A New Look at Old Funding: How Ontario Funds Its Biggest Departments

by Alex Reeves and Randall Bartlett 

Ontario is the largest province in Canada, both by population and by GDP. In the 2016-17 fiscal year, Ontario spent nearly $140 billion on over a hundred programs spanning more than thirty ministries and departments. Chart 1 illustrates the Government of Ontario’s budget expenditures of $136 billion in fiscal 2016-17, spread across what are known as ‘standard objects’ (SOs). Notably, while close to $25 billion is spent by the ministries on things like salaries and other operating expenses, over 80% of the $136 billion in budget spending is in the form of transfer payments. Transfer payments move money from the provincial government to various other levels of government, non-governmental groups, and individuals. These groups can include municipalities as well as smaller entities such as school boards and regional healthcare providers, and also people.

 

While the SOs breakdown gives a good picture of how the government works at its highest possible level, it glosses over where most of the money is going and what it's being used for. To better understand the way that these transfer payments are structured and what they are used to fund, the actions of the individual departments must be looked at separately from the whole of government.

More specifically, the four largest ministries in the province of Ontario are Health and Long-Term Care, Education, Community and Social Services, and Advanced Education. Together, these four ministries account for over 73% of all provincial spending and 86% of all transfer payments in the 2016-17 fiscal year. Chart 2 breaks down the share that each of these departments spend in relation to both total government spending and total transfers.

The fact that this small number of ministries spends so much money may not come as a surprise to many but does leave one wondering: Where does the money actually go? With this question in mind, we sought to do a deep-dive into the spending base of these four departments, pulling together information from separate departmental reports and databases in order to show how money flows from Queen’s Park.

Ministry of Health and Long-Term Care

The Ministry of Health and Long-term Care (MOHLTC) spends approximately $53 billion a year across its various transfer payments and overhead costs. A majority of all MOHLTC spending is directed to programs that then transfer the funds to regional entities or directly to practitioners. The most well-funded programs––Ontario Health Insurance Program (OHIP), Local Health Integration Networks (LHIN’s), and Provincial Programs and Stewardship––account for around $48 billion of the MOHLTC’s budget.[i]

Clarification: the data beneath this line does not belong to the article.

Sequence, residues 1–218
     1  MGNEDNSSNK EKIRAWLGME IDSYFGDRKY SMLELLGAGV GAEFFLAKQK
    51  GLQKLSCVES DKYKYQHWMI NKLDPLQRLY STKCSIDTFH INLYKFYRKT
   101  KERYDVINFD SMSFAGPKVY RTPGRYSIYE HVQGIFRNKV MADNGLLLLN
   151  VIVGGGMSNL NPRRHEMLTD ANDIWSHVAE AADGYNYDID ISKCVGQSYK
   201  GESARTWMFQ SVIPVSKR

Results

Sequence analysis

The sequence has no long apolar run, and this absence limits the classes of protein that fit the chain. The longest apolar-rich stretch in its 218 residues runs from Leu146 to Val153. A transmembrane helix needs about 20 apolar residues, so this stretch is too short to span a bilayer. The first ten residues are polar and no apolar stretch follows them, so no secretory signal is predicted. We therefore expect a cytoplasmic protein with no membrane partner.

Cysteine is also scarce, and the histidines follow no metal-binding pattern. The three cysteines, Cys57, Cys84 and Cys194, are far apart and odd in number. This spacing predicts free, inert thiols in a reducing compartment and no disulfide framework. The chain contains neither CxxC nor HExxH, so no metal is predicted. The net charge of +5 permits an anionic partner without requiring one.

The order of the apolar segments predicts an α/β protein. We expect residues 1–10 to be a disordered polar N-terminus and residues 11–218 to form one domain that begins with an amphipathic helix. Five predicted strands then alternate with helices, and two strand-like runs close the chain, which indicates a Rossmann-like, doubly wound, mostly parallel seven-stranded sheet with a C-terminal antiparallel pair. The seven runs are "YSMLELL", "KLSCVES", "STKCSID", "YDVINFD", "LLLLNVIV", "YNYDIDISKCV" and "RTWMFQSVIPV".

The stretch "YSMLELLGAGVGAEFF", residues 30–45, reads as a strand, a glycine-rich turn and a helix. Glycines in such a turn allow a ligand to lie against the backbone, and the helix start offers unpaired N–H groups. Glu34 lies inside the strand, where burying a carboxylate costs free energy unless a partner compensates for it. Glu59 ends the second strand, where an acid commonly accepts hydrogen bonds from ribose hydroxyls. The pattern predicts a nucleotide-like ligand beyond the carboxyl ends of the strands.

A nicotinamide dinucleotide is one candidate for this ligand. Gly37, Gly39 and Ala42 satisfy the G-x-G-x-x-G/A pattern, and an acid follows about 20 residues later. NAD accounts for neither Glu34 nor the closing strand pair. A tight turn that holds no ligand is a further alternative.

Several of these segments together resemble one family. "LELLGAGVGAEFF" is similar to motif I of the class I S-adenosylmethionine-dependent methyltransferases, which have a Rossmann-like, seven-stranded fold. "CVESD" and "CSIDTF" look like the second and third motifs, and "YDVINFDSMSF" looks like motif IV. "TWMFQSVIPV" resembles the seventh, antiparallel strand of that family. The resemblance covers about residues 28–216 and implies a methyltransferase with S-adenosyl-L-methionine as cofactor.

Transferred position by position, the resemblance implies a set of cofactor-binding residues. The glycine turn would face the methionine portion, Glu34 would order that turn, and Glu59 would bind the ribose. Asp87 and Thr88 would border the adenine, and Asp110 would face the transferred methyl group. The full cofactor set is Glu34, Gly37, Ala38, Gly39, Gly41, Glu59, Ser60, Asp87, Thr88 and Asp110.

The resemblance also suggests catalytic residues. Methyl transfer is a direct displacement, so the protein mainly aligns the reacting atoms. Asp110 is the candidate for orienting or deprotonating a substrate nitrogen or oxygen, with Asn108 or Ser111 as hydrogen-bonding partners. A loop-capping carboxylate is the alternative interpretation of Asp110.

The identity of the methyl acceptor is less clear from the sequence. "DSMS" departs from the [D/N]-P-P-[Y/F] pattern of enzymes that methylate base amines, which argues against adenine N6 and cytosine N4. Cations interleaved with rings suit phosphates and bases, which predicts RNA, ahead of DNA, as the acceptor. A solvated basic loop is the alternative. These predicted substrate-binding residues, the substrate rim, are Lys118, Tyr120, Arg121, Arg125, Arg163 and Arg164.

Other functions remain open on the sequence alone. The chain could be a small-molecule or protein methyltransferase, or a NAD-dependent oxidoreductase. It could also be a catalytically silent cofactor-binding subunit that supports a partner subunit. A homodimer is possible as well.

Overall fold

As shown in Chart 3, OHIP is predominantly made up of payments to physicians and the Ontario Drug Program. This funding is used to lower the price of many drugs and also to pay for the services and care provided by physicians and practitioners. 

The LHIN program breaks transfers down by each of the major networks which represent large population centres. There are fourteen separate LHINs––for example, Toronto Central, Waterloo Wellington, and Erie St Clair. Each LHIN then transfers money to hospitals and other healthcare providers that are most prevalent in the LHIN.[ii] While the composition of health care institutions varies from region to region, the money is predominantly directed to the staffing and upkeep of hospitals, community health centres, and long-term care homes. The “other category” in Chart 3 includes expenditures such as payments made to department heads, psychiatric care, and addictions programs.

The final major area of expenditure is made in the Provincial Programs and Stewardship budget, where the largest amount of funding goes to cancer care, with second-order spending items such as ambulances and blood services.

Chart 3: Expenditures by the Ministry of Health and Long-Term Care

 

Click here for Chart 3, which is interactive; hover your mouse over the lines and curves for details.  

Ministry of Education

The Ministry of Education accounts for almost 20% of spending by the Government of Ontario at approximately $27 billion annually. Of this money, $26 billion goes to school boards and schools to directly fund primary and secondary education, with the remainder used for ministry operating expenses.[iii]

As seen in Chart 4, teacher salaries and benefits account for the largest portion of provincial education spending.[iv] The initial expenditure on teachers is roughly $10.5 billion from the Pupil Grant, with an additional supplementary spending of $2.3 billion from the Teachers Qualification Grant. While normal teacher salaries and benefits are handled by transfers from the Pupil Grant, the Teachers Qualification Grant is used to supplement schools in paying teacher salaries above the annual average of $75,000. In addition, the School Foundation Grant, valued at about $1.4 billion annually, is used to compensate principals, vice principals, and other support staff within the school.

Further, the Special Purpose Grant accounts for just over $11.5 billion dollars in funding, making up the second most prevalent Education spending category. This is primarily used to fund the Teachers Qualification Grant (discussed above), the Special Education Grant, and the School Faculty Operations Grant. The Special Education Grant, with spending of just over $2.8 billion, is used to support schools which have students that require special education needs. This is primarily achieved through specialized teachers, services, and equipment. Furthermore, the School Faculty Operations Grant is intended to finance capital purchases for the school boards, such as operating costs, maintenance costs, and construction costs.